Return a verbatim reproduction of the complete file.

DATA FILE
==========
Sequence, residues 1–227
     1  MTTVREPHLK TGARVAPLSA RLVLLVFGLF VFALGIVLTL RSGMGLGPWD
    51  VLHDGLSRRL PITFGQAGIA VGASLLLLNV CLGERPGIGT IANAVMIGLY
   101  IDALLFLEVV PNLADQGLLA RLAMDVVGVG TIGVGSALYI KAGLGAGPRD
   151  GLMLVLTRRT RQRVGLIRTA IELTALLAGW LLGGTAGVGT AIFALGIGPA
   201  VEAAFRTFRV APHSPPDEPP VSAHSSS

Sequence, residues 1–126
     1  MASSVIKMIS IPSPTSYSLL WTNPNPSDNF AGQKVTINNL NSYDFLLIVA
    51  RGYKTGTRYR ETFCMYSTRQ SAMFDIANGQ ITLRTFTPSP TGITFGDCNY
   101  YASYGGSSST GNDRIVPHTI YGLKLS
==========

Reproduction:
Sequence, residues 1–227
     1  MTTVREPHLK TGARVAPLSA RLVLLVFGLF VFALGIVLTL RSGMGLGPWD
    51  VLHDGLSRRL PITFGQAGIA VGASLLLLNV CLGERPGIGT IANAVMIGLY
   101  IDALLFLEVV PNLADQGLLA RLAMDVVGVG TIGVGSALYI KAGLGAGPRD
   151  GLMLVLTRRT RQRVGLIRTA IELTALLAGW LLGGTAGVGT AIFALGIGPA
   201  VEAAFRTFRV APHSPPDEPP VSAHSSS

Sequence, residues 1–126
     1  MASSVIKMIS IPSPTSYSLL WTNPNPSDNF AGQKVTINNL NSYDFLLIVA
    51  RGYKTGTRYR ETFCMYSTRQ SAMFDIANGQ ITLRTFTPSP TGITFGDCNY
   101  YASYGGSSST GNDRIVPHTI YGLKLS